"Prior to filing any other pleading or motion, a special appearance may be made either in person or by attorney for the purpose of objecting to the jurisdiction of the court over the person of the defendant. A special appearance may be made as to an entire proceeding or as to any cause of action involved therein. Every appearance, prior to judgment, not in compliance with the foregoing is a general appearance." (Emphasis added.) 735 ILCS 5/2-301(a) (West 1998).

We note that section 2-301 was extensively amended, effective January 1, 2000, to eliminate some of the technical challenges that had been made to objections to jurisdiction. Pub. Act 91-145, §10, eff. January 1, 2000 (1999 Ill. Legis. Serv. 2032, 2034 (West)). Under amended section 2-301 of the Code, it is no longer necessary to file a special and limited appearance or a motion to quash service of process. An objection to jurisdiction over the person may be made by a motion to dismiss. The motion must be filed prior to the filing of a responsive pleading or certain other motions, but it "'may be made singly or included with others in a combined motion.'" K. Beyler, The Death of Special Appearances, 88 Ill. B.J. 30, 32 (2000), quoting 735 ILCS 5/2-301(a) (West Supp. 1999). This case, of course, is governed by the preamendment version of section 2-301.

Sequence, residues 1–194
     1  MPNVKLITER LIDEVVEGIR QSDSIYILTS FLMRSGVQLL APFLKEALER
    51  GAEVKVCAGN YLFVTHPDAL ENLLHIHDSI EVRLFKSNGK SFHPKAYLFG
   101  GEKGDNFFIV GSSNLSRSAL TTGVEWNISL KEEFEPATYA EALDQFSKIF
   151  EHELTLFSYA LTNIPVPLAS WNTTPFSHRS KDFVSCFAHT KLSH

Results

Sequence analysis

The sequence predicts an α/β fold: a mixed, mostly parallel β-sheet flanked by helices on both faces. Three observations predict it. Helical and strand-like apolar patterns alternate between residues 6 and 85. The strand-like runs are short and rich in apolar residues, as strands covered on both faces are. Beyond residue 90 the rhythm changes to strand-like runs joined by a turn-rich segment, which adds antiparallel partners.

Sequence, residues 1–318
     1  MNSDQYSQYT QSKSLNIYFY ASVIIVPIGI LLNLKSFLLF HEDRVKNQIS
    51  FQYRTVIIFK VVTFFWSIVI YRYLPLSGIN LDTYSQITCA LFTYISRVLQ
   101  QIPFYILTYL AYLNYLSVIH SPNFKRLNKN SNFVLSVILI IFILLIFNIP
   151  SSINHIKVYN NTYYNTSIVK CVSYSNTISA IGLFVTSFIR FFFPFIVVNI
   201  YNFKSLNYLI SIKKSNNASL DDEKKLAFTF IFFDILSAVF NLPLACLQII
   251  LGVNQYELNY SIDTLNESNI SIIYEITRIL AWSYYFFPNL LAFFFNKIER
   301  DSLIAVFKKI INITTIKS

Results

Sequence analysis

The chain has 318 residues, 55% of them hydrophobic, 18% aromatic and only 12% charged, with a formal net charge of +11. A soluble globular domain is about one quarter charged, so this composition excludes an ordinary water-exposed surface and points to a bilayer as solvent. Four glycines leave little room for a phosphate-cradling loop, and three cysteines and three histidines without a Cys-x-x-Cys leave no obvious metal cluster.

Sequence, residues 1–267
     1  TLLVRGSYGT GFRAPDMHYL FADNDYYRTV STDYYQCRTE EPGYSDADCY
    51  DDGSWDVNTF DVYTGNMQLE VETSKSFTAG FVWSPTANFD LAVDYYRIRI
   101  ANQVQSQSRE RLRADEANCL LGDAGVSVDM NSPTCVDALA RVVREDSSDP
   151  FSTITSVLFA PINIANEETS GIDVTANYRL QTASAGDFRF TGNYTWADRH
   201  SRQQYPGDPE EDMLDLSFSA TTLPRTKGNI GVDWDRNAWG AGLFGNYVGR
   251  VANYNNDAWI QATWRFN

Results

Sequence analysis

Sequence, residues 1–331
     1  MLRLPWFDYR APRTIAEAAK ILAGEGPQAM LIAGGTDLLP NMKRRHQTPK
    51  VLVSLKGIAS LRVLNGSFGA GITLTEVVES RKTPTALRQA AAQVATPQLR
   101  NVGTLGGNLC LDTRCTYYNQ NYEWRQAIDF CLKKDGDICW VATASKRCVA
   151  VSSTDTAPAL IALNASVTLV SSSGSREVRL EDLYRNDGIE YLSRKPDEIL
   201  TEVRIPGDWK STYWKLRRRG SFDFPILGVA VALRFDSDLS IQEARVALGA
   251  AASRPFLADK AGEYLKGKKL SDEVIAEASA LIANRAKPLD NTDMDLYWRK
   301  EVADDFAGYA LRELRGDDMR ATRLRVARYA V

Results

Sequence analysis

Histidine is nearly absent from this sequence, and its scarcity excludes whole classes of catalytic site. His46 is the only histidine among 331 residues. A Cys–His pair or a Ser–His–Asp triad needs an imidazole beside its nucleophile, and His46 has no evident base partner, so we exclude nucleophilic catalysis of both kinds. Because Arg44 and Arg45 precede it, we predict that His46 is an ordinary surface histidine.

Had Don challenged the jurisdiction of the circuit court prior to the entry of judgment, he would have been required to file a special appearance. However, since the judgment was already entered against him, he did not need to file a special and limited appearance to challenge jurisdiction. Saylor, 297 Ill. App. 3d at 723, 697 N.E.2d at 1191; 3 R. Michael, Illinois Practice ยง10.6, at 126 (1989) (Civil Procedure Before Trial). The postjudgment general appearance did not subject Don to personal jurisdiction retroactively. Saylor, 297 Ill. App. 3d at 723, ...